According to media reports, the child was dropped off at school by her mother. A short time later, a woman wearing what was described as Muslim garb, with her face covered, entered the school office, scribbled her name on a sign-in sheet but did not show any identification. The woman told school representatives that she was the child's mother and wanted to take her daughter out for breakfast. The woman then was allowed to enter the child's classroom, where she asked for the girl by name.

The substitute teacher in charge of the room released the child to the woman, who then took the child from the school. It was later learned that the woman who picked up the child was not the child’s mother. Early the following morning the child was found alone in a neighborhood playground outside of Philadelphia, hiding under the bleachers. The child was brought to the hospital and then released. Read More!

Tuesday, July 16, 2013

4 Best Practices for Food and Beverage Operators

By Stephen Barth, Founder, HospitalityLawyer.com

I’ve been noticing some trends in the feedback I hear from both food and beverage operators and the customers they serve. The operators know what works, and the customers know what they like. If you’re involved in the food and beverage business, I encourage you to review and consider the following best practices:

  1. In addition to your traditional serving sizes, offer and price individual two- or three-ounce servings of beer, wine, and liquor (local and state laws permitting). Customers enjoy sampling different brands while also consuming alcohol responsibly.

  2. Serve and price sampler-size desserts.  Again, customers want variety, but also need to feel as though they are making a semi-healthy choice.

  3. Write down your daily/weekly specials in a location visible from the table (or leave a printed version at the table), and don’t forget to include the prices. A server’s description of specials can be helpful if executed correctly, but that doesn’t happen as often as you would think. Customers have trouble remembering the descriptions—including the prices—which often discourages them from selecting a special. Bottom line:  If you want a special to sell, write it down and price it.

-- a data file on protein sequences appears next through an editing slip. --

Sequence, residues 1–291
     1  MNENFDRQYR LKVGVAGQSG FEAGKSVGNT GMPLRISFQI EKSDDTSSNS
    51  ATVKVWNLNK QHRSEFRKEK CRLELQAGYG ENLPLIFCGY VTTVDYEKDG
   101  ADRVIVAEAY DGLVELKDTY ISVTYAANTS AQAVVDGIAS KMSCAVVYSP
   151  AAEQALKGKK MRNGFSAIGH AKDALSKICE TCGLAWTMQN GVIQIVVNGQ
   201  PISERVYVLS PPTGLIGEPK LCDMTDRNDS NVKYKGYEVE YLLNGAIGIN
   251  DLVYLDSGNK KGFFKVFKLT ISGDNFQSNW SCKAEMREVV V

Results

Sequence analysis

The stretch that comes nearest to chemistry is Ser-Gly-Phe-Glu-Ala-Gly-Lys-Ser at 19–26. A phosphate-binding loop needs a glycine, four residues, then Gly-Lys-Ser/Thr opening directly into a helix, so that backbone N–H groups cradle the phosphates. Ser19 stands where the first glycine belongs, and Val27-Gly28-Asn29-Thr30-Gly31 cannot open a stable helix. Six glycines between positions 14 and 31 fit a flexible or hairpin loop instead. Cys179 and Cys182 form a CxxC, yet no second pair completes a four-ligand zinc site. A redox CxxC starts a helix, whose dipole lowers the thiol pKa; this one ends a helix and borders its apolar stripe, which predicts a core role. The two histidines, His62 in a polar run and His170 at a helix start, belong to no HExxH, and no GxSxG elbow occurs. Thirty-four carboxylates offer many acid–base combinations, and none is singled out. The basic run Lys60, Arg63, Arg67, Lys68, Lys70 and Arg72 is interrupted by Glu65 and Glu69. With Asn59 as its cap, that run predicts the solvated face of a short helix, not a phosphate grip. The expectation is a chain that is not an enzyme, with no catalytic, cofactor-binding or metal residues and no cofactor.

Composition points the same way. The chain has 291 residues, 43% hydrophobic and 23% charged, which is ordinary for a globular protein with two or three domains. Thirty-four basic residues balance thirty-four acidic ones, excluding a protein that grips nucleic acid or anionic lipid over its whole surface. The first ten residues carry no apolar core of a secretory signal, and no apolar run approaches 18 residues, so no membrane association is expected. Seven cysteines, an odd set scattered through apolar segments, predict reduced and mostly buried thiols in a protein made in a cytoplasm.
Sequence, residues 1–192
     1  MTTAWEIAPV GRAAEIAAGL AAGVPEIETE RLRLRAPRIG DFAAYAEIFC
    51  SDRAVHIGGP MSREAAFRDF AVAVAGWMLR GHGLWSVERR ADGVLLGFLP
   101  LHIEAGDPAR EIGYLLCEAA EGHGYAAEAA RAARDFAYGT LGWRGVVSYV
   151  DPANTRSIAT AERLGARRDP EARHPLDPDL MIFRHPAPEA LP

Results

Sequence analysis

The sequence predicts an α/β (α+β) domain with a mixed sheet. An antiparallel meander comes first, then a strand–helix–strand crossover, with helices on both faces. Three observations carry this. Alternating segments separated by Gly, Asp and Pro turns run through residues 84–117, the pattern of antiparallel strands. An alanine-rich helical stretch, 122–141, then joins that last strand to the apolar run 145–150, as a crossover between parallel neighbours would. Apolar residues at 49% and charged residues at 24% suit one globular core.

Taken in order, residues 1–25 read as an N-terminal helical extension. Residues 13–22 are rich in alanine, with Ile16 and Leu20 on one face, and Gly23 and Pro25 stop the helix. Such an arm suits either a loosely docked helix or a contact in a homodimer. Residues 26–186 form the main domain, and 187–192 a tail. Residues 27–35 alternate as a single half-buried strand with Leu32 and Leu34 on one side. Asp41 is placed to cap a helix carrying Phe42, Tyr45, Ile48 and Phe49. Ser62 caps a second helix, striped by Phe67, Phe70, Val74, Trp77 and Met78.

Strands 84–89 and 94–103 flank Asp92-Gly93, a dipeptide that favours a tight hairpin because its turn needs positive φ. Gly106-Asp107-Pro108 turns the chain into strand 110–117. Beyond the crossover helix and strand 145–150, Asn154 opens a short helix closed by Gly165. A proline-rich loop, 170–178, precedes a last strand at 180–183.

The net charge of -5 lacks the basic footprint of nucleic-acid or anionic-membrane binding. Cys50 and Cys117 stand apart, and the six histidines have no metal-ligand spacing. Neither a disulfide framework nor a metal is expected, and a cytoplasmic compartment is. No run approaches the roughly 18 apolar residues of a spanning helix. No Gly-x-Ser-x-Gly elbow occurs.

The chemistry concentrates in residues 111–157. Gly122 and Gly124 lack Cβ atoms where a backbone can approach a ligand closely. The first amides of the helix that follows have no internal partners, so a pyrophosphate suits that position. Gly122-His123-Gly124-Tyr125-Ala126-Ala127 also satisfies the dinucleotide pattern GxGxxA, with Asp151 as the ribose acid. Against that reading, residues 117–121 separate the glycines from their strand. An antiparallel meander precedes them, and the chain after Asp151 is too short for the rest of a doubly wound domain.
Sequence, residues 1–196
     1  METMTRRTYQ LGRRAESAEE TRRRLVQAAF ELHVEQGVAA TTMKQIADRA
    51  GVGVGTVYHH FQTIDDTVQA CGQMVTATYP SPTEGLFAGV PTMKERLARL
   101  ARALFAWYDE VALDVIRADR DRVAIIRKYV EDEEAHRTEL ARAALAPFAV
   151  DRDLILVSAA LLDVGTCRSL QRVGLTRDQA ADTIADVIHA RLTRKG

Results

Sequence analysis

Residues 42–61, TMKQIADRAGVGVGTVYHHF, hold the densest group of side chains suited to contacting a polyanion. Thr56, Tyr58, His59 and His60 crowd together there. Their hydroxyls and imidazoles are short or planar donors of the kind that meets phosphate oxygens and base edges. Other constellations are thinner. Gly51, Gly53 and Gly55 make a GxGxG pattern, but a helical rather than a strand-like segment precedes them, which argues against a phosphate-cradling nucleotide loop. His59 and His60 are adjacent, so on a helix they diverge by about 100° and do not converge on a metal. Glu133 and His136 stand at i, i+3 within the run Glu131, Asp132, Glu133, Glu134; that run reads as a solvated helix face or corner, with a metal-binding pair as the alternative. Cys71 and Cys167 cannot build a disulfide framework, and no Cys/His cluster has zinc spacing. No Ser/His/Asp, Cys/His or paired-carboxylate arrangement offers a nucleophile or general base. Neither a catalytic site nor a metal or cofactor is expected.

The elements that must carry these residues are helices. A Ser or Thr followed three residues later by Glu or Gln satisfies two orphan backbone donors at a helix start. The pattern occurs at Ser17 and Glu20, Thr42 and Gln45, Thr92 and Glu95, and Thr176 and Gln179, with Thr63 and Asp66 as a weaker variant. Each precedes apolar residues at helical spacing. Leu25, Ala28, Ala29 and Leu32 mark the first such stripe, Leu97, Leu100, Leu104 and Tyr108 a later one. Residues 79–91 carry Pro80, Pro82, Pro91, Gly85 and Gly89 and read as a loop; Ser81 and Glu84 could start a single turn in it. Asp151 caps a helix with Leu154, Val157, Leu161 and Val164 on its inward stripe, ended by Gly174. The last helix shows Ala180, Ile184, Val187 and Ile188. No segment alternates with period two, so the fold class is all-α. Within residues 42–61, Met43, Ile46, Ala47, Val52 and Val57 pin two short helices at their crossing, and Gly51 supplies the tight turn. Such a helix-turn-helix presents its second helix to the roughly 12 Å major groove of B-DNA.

4. Make it a policy that customers must guarantee reservations with a credit card. When people with reservations neither cancel nor show up, this causes a severe disruption in the reservation process and significant inconvenience for other customers. Create a clear cancellation policy and establish a fair price if a reservation is not cancelled in accordance with the policy; variables to consider when choosing an amount might include contribution margin, size of the reservation party, etc. In the spirit of aboveboard business practices, only charge if you cannot fill the reservation after making a sincere attempt to replace the cancellation. If operators adopt this approach, reservation processes will become much more efficient and wait lists will become more useful and popular.

Thursday, July 11, 2013

Hospitality Law Insider #1: Be Careful How Much You Serve!

Stephen Barth, Founder of HospitalityLawyer.com, covers the perils of loosely-regulated alcohol service at bars and restaurants in the first episode of Hospitality Law Insider.

Wednesday, July 10, 2013

Curbing Abuse of Intermittent FMLA Leave (Cynthia Blevins Doll, Fisher & Phillips)

The Family Medical Leave Act (FMLA) allows employees to take 12 weeks of leave for their own or a family member’s serious health condition and up to 26 weeks for military caregiver leave. The leave can be taken in one block, over several stretches of time or intermittently. To take intermittent leave, the employee need only provide a certification that there is a medical need for such leave. 

While longer FMLA leaves are relatively straightforward, an employee’s ability to take small increments of FMLA leave sporadically generates administrative headaches for employers and raises concerns about employee abuse of intermittent leave. The FMLA offers a number of tools – many of which are not widely employed – that you can use to discourage abuse of intermittent leave. Here are eight of the best strategies for getting a handle on this troubling problem. Read More!